I just lost a friend to suicide, and it totally sucks. The thing is, I knew they were struggling with depression. We’d spoken about it on several occasions. But we never talked specifically about why they were depressed or what they had done or could do about it. So of course now there’s a whole lot of survivor guilt going on.
The questions fill my thoughts at all hours of the night and day: Did I do enough? Did I ignore the signs? What else could I have done? Why had I not checked in on them more often? Why didn’t I do more?
On one level I know it wasn’t my fault. I know his decision had absolutely nothing to do with me. On another level I am so angry at myself and sad. But this is the weird game our brain plays on us when we lose someone. Survivor guilt is insidious and very very unhelpful.
So I do the only thing I know how to do in these emotionally draining situations, I flip into help mode and charge ahead with a To Do List and Action Items, writ large and rife with busy work. I contact the family to offer my help with the death stuff. I post a heads up to our mutual friends. I scour photos for signs of him, confirmation of his presence in my life. I check in on friends. And I sob. I sob my eyes out. I feel the size and weight of this cosmic egg of grief I am carrying in my torso, right around where my gall bladder used to be. The grief is heavy; a physical presence. I hope some day I’ll get used to carrying it around, but for now the discomfort is, ironically, a comfort. It reminds me I am alive when they are not. Guilt strikes again.
So what have I learned from this experience? A few things:
- Struggling with mental health issues brings up a lot of shame, so we do our best to hide it. We avoid burdening others with this struggle. Society expects us to have Instagram perfect lives, y’all.
- Vulnerability is something we have a hard time sharing with others, even with those closest to us.
- If someone opens up about being in a dark place, even if they tell you it’s nothing, that they’re handling it, it’s likely much worse than they’re admitting.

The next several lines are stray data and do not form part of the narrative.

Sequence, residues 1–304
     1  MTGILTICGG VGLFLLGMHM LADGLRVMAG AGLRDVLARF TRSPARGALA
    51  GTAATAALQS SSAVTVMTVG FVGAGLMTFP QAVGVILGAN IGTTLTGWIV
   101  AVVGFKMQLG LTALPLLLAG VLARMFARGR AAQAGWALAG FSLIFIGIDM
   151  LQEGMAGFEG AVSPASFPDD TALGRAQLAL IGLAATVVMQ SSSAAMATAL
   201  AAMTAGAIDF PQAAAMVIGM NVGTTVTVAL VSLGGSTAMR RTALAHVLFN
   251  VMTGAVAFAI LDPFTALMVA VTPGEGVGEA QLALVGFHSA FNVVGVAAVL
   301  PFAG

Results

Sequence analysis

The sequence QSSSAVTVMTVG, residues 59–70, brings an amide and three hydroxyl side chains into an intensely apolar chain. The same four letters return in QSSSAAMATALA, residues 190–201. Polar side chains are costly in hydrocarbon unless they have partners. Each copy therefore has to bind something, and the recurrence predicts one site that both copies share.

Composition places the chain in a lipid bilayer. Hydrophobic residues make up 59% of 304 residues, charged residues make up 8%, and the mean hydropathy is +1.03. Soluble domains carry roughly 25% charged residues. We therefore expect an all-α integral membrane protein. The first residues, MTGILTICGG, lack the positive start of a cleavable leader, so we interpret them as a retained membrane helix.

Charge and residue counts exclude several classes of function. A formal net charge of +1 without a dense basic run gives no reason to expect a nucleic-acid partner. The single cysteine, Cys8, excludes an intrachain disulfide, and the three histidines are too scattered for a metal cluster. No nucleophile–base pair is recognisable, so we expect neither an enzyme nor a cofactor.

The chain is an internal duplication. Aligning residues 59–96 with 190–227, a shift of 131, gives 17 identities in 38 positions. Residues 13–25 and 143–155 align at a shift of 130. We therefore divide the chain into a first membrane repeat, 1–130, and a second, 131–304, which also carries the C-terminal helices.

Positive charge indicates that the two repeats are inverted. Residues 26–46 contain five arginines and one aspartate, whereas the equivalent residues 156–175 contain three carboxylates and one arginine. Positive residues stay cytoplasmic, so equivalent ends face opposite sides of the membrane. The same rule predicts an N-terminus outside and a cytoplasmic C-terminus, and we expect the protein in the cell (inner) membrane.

And this is what we can do about it:
- If someone is giving you this gift of being vulnerable, please please please don’t change the subject because it makes you uncomfortable.
- Be direct, don’t use euphemisms. Ask directly if they are thinking about suicide or death. Use those words: suicide and death. It gives them permission to talk about it.
- Without judgement, gently challenge them about why they’re contemplating suicide. Discuss those reasons. Be an active listener.
- Ask them what help and support they have. Then ask them if it’s working! Tell them you will help them find more support.
- Remind them they are loved. Check in on them regularly. Mental health issues take time. There’s never a one and done quick fix.
- When supporting someone with mental health issues, don’t take it on alone. Support your own mental health. Emotions take energy, so check your resources often.
- And one other thing; society may expect us to always pursue happiness, but good is good enough. Surviving is good enough. Struggling is good enough. It’s okay to not be okay.
Not sure where to start? Call 211 in Edmonton and area, or check out Edmonton’s Canadian Mental Health Association website. If you’re outside of Edmonton, check out CMHA resources in your area.